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Catholic Northwest Progress
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March 19, 1965     Catholic Northwest Progress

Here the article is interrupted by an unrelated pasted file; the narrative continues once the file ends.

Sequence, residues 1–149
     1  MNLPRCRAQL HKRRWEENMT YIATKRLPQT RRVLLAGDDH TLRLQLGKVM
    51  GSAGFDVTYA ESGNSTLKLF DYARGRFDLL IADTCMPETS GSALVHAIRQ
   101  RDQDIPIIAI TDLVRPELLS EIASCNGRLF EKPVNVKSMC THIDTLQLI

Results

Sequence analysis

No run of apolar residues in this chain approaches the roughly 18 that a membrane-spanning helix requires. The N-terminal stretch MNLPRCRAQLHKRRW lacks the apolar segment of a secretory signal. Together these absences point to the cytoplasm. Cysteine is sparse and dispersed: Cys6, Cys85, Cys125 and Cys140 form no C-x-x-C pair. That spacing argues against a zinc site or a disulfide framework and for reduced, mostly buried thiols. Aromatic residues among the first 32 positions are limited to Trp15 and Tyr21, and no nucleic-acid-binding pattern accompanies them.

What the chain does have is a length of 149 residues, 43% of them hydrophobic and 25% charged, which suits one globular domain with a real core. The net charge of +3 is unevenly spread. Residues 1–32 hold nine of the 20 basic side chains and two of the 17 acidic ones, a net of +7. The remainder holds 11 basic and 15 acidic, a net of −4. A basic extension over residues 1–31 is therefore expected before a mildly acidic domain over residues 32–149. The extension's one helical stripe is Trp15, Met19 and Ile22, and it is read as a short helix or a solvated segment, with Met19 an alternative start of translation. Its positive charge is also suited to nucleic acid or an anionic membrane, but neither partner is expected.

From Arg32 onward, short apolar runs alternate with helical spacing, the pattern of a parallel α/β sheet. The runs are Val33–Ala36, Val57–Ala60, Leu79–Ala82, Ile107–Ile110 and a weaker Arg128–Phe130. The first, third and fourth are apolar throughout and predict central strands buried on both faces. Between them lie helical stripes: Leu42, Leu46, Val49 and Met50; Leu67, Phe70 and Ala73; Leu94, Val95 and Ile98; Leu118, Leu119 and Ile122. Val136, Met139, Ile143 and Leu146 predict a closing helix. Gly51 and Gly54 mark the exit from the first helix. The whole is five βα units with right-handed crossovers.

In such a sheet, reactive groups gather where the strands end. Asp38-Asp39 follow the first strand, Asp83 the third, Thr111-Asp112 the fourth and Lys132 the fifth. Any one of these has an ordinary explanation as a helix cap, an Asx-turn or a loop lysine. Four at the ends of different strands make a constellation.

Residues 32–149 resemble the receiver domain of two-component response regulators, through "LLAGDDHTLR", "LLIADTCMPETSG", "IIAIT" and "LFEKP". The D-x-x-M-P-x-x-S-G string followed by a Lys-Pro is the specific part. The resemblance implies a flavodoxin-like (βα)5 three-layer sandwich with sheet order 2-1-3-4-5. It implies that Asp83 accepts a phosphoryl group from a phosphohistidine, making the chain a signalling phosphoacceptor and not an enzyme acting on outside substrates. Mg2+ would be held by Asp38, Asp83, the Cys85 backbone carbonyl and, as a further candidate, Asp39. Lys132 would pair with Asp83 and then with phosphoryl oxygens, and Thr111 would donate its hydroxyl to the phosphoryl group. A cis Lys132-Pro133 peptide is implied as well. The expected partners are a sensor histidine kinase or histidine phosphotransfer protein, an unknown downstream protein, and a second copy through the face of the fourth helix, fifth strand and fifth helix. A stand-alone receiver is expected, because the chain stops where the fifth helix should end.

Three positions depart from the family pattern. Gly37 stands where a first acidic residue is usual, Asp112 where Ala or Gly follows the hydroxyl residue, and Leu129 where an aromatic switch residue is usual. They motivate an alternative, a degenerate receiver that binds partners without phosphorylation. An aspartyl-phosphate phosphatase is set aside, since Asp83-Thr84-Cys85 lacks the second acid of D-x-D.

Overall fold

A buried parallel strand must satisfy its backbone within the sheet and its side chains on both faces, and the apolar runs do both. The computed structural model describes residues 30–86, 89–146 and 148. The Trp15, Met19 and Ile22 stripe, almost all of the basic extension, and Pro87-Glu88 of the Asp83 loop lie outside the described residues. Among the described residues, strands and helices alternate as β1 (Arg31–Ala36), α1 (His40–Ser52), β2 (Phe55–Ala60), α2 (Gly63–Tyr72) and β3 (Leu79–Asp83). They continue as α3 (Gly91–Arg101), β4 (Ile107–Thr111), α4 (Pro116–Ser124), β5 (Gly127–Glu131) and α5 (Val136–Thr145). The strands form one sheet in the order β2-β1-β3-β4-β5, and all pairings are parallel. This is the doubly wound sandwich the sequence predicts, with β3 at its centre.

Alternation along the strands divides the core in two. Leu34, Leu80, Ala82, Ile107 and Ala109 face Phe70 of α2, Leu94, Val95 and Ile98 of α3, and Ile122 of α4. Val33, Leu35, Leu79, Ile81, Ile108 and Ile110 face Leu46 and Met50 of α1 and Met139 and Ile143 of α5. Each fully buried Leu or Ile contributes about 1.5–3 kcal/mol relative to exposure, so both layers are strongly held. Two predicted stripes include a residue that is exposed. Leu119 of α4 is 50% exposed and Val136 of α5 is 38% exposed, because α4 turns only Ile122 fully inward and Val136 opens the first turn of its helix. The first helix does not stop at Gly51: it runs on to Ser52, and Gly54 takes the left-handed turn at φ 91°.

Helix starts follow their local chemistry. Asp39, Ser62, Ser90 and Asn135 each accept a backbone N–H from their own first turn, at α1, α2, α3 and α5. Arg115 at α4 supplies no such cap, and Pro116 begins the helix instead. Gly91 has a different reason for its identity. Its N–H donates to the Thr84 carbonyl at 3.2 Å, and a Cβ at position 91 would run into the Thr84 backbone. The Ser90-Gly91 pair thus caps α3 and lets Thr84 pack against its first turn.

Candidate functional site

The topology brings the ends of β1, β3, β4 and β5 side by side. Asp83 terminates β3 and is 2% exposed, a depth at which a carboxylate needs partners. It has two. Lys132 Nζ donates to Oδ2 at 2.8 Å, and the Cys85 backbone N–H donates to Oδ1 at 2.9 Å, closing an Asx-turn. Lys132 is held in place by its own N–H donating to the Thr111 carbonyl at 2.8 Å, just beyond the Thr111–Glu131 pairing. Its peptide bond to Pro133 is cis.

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8--THE PROGRESS FHday, March 19, 196S Christian Culture Series (Unit !! Chapter XIII) the People Sing T. PIUS X, in that revolutbnary document which " we have been citing, established standards for church music which have helped very much to clarify our thinking on this matter. "Sacred music," he says, "must, therefore, pos- sess in the highest degree the qualities which charac- terize the. liturgy, particularly holiness and goodness of form. From these two qualities will spontaneous- ly arise a third quality, universality. Sacred music must be holy, and therefore must exclude everything that is secular, both in itself and in the way it is per- formed. It must be true art, since otherwise it cannot have on the minds of those who hear t the influence which the Church desires when she admits music into her liturgy. But it must at the same time be univer- sal, in the sense that while every nation is permitted to include in its church repertoire the special forms which may be said to constitute its native music, Still these forms must be so subordinated to the gen- eral characteristics of sacred music that they may leave only a good impression on anyone who hears :them, no matter from what nation he comes" (Article 2). 1. Discuss the three qualities that music must have in order to be acceptable lot use at liturgical celebrations. Musical Tradition of. the Church At fixst glance these requirements would seem so exacting that few compositions could measure up to them. Actually, very many have; as the Council says Article 112), "the musical tradition of the universal Church is a treasure .of inestimable value, greater even than that of any other art." But for a variety of reasons this treasure has been largely a hidden one, known to musicologists and some connoisseurs, but not to the people as a whole. Music of the compositions have been settings of a Latin text, so that the meaning of the songs has not been readily understood, if at all; consequently, the beauty of the compositions could not be generally appreciated. Then, too, we have not had among us a sufficiently large number of properly trained musi- cians who could as pastors, choir directors, and or- ganists, educate us to a discriminating taste in sacred music. We were often misled into thinking a composi- tion acceptable simply because it presented a relb gious theme, and we did not stop to question whether the presentation were good art. In many cases we have made favorites of pieces that were quite World- ly, or weakly sentimental, or just plain bad composi- tions from a musical standpoint. However, contemporary taste in music is rising steadily because of more general education and be- cause television, radio, records, and tapes have made it possible for us to listen to good music more fre- quently. And if the Council's recommendations (Ar- ticle 115) about the teaching of music in seminaries and Catholic schools are followed, we can expect a similar refinement of taste in sacred music to come about. 1. Why has the musical tradition el the Church been largely a hidden treasure? 2. Why have many el the musi- cal compositions used in divine services been el poor quality, and what is the outlook [or the [uture? Restoration of Congregational Singing It is evident that the Council wants singing re- stored as the people's usual way of participating in any sort of religious service'. "Religious singing by the people is to be skillfully fostered, so that in devotions and sacred exercises, as also during liturgical services, the voices of the faithful may ring out according to the norms and re- quirements of the rubrics" (Article 118). This will include the responses and the Ordinary of the Mass, as well as a share in the processional chants. It will also include participation in the sac- raments and sacramental (examples would be wed- dings, baptisms, confirmations, funerals, the distribu- tion of ashes, palms, candles, etc.). Then there would be devotions of various kinds, retreats and missions, Bible services, and so on. We shall sing psalms and other lyrical selections from Holy Scripture, texts taken from the liturgy, oc- casional pieces from other sources, and hymns. For a time at least, probably, we shall be singing hymns rather than other things, and our Catholic repertoire of good hymns in English is not large. Un- doubtedly we shall continue the borrowing from Protestant sources which has already begun, with happy results. Many of the hymns which we called "traditional" (although a few were even a hundred years old) will be quietly but firmly interred, even though there be wails of protest from some corners of the church. A hymn, to be acceptable as religious singing in church, must be good on three counts. It must be orthodox in its theology, an artistically competent piece of poetry, and a well-constructed, singable melody. Mr. Paul Hume, in his amusing and helpful book, Catholic Church Music (N.Y. Dodd, Mead, 1956) has a chapter on hymns which would clarify many popu- lar notions on this subject and explain why some hymns are good and some are hopelessly bad. We may hope that our composers, following the directive of the Council in Article 121, will provide for "the actLve participation of the entire assembly of the faithful" by giving us hymns for all the sea- sons and feasts as well as for special occasions. It will take long years, no doubt, to build up a full rep- ertoire; there will have to be much sifting and win- nowing. But it is a real privi.lege for a musician to place on the lips of God's people songs with which they can express suitably their praise and love. 1. How extensive will congregational singing be i[ the directives el the Council are carried out? 2. In general, how well have our traditional hymns measured up to required standards? 3. What may we reasonably expect el composers o[ sacred hymns? Regional Musical Traditions Sometimes one hears the objection that Amer- icans are not, by and large, a singing people, and that it is futile to expect us to take naturally to reli- gious singing. It does seem true that there is not the enthusi- asm for spontaneous group singing which existed some years ago. Perhaps it is so easy to listen today to professional entertainers that we have stopped providing our own entertainment; perhaps we have even become a little self-conscious about our own ef- forts. And, so far as singing at Mass is concerned, we Catholics have a very long tradition of silence to overcome. However, our people have sung together, and with gusto, at popular devotions, novenas, and so on. Even men have been observed to sing, and to enjoy singing, when the organist has pitched the note too high for them! With the proper encourage- ment and the proper choice of music, it should not be difficult for us American Catholics to take our place in the centuries-old tradition of singing Christians. The Council's desire to adapt the liturgy to local and national cultures extends to sacred music, too. It recognizes (Article 119) that musical traditions differ with d,fferent peoples, and because "these traditions play a great part in their religious and social life," music that is familiar to each people should be em- ployed. It will help them to form their attitude tow- ard religion and make their worship seem a part of their own culture. This should lighten the task of missionaries, who are now to learn the traditional music of the peoples to whom they are sent (Article 119), and who will be able to make use of it even in the formal worship of the Church. 1. What is to be said oj the objection that Americans are not, by and large, a singing people? 2. Is there any authentic American music that might be adapted /or use in our public worship? Use of Musical Instruments The Council echoes the judgment of the Popes when it says that "the pipe organ is to be held in high esteem, for it is the traditional musical instrument which adds a wonderful splendor to the Church's ceremonies and powerfully lifts up man's mind to God and higher things" (Article 120). However, the organ is not the only instrument to be allowed a role in di- vine worship. "Other instruments also may be admitted for use in divine worship, with the knowledge and consent of the competent territorial auth0rty, as laid down in Articles 22, No. 2, 37, and 40. This may be done, however, only on condition that the instruments re suitable, or can be made suitable, for sacred use, that they accordwith the dignity of the temple, and. truly contribute to the edkficaton of the faithfd" (Article 120). Drums and other percussion instruments which would seem quite out of place in our churches might have a very helpful function in, for instance, Africa, as the well-known Missa Luba has shown. It is good that the judgment on such matters is to be made by the hierarchy actually on the spot. 1. What norms are laid down [or the use el msical instruments in divine worship? Professional Musical Directors The musical renaissance envisioned by the Council for our parishes will never come unless pro- fessional directors of music are trained, hired, [ven encouragement and freedom, and paid in accordance with their education, their talent, and the cont:ibu- tion they make to the parish worship. The parish budget must include generous e)pen- diture for this as a matter of course. Too often aere has been provision in the budget for everything ex- cept the music director. In no way should the gen- erosity of volunteer organists and choix directom be depreciated, but they are rarely professionals, and professionals are as necessary in this highly techtical ield as they are in the classroom, or at the altar Relf. m Here, as in almost every department of life, we get what we are willing to pay for. And if we sh'ink from using shoddy vestments or altar furnishing in our churches, we should be equally dissatisfied with second-rate music in the worship of God. 1. How valid is the author's plea jor use o[ prolessional directors o[ music in parish worship? Some Things To Do I 1. Open and close future meetings of your grotp with the singing of a hymn. 2. Sing at home, with members of your family, some of the hymns being used in your parish wolship. :  : ;h;L';';h:'tiihqihiLtiqtL1[1[1[qi1111T1ir11IH1iI1iii1H1 IllHIllll1111tllHIllllllll11!fllll[llflllmlm/mln/ " (New Horizons in Catholic Worship, a book from which the discussion text for the 1964-65 ChristiartCulmre Series is taken, was written by Rev. William J. Leona'd, S.J., and Rt. Rev. Msgr. Leon A. McNeill, M.A. Publkhed in 1964 by the Liturgical Commission, 445 N. Emporia, Wichita, Kas., 67202, the booklet is available for oneto nine copies for 75 cents each or for 10 o more copies for 60 cents each. The booklet is also sold at all Cathob" book stores in the Archdiocese.) I:ill! ':: : Hhlll!l:'t !)!]![qh;ihH1]t1111ib]III1T[itiFTIIm][1[IIII[IIIII]I[II$[mI[ "We Shall Overcome" Hymn Expresses Civil Rights Hope These two photos, taken Tuesday dur. ing the Mass of Reparation in St James Cathedral for the expiation of the vio- lence to Negroes in Alabama, *shows those attending how they express their spiritual feeling in song. The Mass, focusing on an active con. gregational participation, was preced. ed and concluded with the singing of the nationally-used civil rights hymn, "We Shall Overcome." THIS SERIES OF CCD ARTICLES ARE PUBLISHED THROUGH THE KIND COOPERATION OF THE FIRMS LISTED -IERE [ ST. FRANCES / CABRINI IHOSPITAL [ Founded in 1916 by !t America s First Citizen Saint !I To Serve All Citizens i / Madison Street at Terry Ave. ] Seala 1 r MU 2 O 50 O | BALLARD BLOSSOM SHOP 2001 N.W. Market St. Seattle SU 2-4213 BONNEY-WATSON FUNERAL DIRECTORS 1732 Broadway Senile EA 2 0013 THE CHRISTIAN BROTHERS WINE White-Henry-Stuart Bldg. 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